Articles Posted in Swimming Pool Drownings

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It is an unfortunate and specially sad fact of life that small children continue to lose their lives in Florida when they wonder into a backyard swimming pool and drown. A few days ago in Orlando, a 4 year-old boy somehow gained access to a neighbor’s backyard and was found by police face-down in the pool. According to newstalkflorida.com, police officers were near his house on an unrelated call when the boy’s mother approached them saying that her son was missing. Officers attempted CPR on the child, who was immediately transported to a local hospital where he was pronounced dead.

Attractive Nuisance Doctrine

The Attractive Nuisance Doctrine is part of Tort Law. It states that a landowner may be held liable for injuries to children trespassing onto his land if the injury is caused by hazardous object or condition on the land that is likely to attract children who are unable to appreciate the risk posed by the object or condition. Over time, landowners have been held liable under this doctrine for injuries caused by abandoned cars, piles of lumber or sand, trampolines and swimming pools.

Plaintiffs must meet the following five conditions to prove that a landowner is liable under the doctrine:

  • That there is a dangerous condition to children on the land that the landowner should have been aware of;
  • That the owner knows or should have known that children often wonder in the area where the dangerous condition is located;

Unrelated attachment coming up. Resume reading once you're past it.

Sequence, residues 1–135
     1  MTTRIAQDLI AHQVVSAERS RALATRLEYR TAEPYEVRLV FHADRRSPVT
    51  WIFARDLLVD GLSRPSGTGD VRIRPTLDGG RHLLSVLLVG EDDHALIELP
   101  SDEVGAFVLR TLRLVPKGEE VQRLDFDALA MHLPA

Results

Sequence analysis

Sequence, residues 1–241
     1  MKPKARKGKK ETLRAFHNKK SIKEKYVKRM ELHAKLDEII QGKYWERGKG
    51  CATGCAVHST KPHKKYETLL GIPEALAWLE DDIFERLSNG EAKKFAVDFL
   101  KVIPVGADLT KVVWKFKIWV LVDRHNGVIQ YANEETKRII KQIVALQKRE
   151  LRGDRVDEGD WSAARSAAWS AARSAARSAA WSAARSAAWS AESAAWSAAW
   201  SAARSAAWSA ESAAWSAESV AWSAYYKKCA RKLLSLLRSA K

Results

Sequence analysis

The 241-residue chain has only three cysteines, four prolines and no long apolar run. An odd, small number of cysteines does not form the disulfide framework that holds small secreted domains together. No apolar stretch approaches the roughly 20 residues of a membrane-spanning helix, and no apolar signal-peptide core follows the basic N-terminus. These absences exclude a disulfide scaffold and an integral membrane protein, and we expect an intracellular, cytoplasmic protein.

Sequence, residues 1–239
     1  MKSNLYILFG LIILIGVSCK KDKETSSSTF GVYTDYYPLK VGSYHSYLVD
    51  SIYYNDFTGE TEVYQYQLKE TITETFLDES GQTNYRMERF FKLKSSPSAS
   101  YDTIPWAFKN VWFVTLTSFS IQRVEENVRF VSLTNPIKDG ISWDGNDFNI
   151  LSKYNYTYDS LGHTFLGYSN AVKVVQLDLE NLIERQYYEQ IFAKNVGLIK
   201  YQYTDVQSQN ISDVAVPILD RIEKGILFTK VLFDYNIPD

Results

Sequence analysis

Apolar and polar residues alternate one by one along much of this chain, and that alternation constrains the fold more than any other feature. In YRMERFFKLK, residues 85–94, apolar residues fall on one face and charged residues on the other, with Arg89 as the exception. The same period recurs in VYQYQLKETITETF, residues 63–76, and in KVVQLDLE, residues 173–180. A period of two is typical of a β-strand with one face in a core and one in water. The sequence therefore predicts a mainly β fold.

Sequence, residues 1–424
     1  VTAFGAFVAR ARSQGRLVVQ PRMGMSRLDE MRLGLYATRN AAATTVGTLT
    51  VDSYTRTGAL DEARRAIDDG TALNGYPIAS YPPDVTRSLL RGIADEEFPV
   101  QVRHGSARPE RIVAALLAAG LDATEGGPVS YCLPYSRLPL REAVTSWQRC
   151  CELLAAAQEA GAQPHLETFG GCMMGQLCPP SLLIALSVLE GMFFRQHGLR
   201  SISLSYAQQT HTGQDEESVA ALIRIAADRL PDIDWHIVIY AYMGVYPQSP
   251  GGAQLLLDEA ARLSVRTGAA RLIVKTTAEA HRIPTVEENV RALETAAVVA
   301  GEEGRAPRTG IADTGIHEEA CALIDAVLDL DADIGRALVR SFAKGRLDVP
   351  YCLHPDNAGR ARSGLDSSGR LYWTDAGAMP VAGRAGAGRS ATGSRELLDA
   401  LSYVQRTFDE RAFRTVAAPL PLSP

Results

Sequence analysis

• That the condition is dangerous and can likely cause injury or death to children because they cannot appreciate the risk;
  • That the utility to the landowner of maintaining the condition and expense of fixing the dangerous condition are minimal when compared to the risk it posses to children; and
  • That the landowner has failed to exercise reasonable care to eliminate the dangerous condition or adequately protect the children.

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People often fail to realize that a homeowner is as liable as the owner of a commercial property for a visitor’s injuries or death. In other words, a premises liability case can be filed against a homeowner the same way it could be filed against a hotel or other establishment when someone gets injured at their premises.

Swimming Pool Accidents

Swimming pool drownings are among the most common sources of premises liability cases against homeowners in South Florida. With warm weather almost all year, Florida (specially South Florida) is a place where many homes have swimming pools. Of course, not all accidental swimming pool drownings or near drownings will bring about a premises liability case. For example, the recent accidental drowning of a toddler in what appears to be his own backyard pool in South Miami is unlikely to become one. However, had it been someone else’s child, the homeowner may have had to face civil liability in court.
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